Tracking your net worth is the first and most important thing you must do. I love watching the television show “Man versus Wild”. For those that haven’t seen it, it is an intensely addicting reality show of a man who gets dropped in the middle of nowhere (sub-Saharan desert, tropical rainforest, Alaskan tundra) with only a parachute, a flint, and a pocket knife. He then spends the next several days or weeks trying to find human life. The first thing he typically does is to try to get to the highest peak to “find his bearings”. This is why tracking your net worth is the most important task you will do…it helps you find your bearings. In other words, what is your current state and where do you go from here?
I’ve been tracking my net worth daily since 2006. You can use a variety of free websites, such as Mint.com, but if you have a Fidelity account, they have a feature called “Full View”. After you set this up with all of your accounts (loans, credit cards, bank, mortgage, etc.), you can begin tracking your net worth. I go on it every morning and hit a single refresh all accounts button. Then as I go about my work, it pulls data into Full View in a matter of a minute or two, my net worth is updated. I have kept this on a tracker to ensure that my assets are growing at a reasonable pace. Below is my net worth:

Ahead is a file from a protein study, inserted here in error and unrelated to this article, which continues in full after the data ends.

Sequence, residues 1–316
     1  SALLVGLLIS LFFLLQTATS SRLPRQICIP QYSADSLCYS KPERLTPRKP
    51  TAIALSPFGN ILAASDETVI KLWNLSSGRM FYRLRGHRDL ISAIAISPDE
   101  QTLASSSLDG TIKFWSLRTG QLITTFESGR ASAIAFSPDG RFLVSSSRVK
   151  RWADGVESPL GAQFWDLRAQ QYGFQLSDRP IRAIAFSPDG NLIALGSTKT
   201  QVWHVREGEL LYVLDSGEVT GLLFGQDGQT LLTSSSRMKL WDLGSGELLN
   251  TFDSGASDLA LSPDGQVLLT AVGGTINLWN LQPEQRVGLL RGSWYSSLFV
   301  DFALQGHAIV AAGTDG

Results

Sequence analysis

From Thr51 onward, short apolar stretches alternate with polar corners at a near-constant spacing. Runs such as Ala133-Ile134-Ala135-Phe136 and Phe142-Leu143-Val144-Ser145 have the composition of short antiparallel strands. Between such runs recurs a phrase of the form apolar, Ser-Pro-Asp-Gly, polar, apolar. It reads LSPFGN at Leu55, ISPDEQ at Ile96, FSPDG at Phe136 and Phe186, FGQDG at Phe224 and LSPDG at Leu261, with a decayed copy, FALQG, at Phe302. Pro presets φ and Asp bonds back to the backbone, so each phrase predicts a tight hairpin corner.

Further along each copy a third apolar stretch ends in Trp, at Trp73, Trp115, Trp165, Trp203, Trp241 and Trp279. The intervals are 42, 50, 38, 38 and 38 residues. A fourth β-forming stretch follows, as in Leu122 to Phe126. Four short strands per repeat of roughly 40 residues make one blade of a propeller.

Each tic mark on the y-axis represents $50k. As you can see, most of the growth occurred after the market bottomed out at the end of 2008. We were fortunate enough to have a significant jump in income right around that time which allowed us to plow more money into our retirement and investment accounts. The second thing you need to do is track your assets and your liabilities to see where the growth in net worth is coming form. Is it coming from a growth in your assets or is it coming from a reduction in your liabilities or both? Our asset and liabilities tracker is below:
The blue dots represent our assets and the red dots represent our liabilities. A couple of things to note here. Each tic mark on the y-axis represents $100k. Yes, there was a jump in both our assets and liabilities in May of 2009. This was the purchase of our current primary home. You will also notice that not much growth occurred in our assets over the last year, but we were paying down debts over this time.
Take away: Start tracking your net worth NOW
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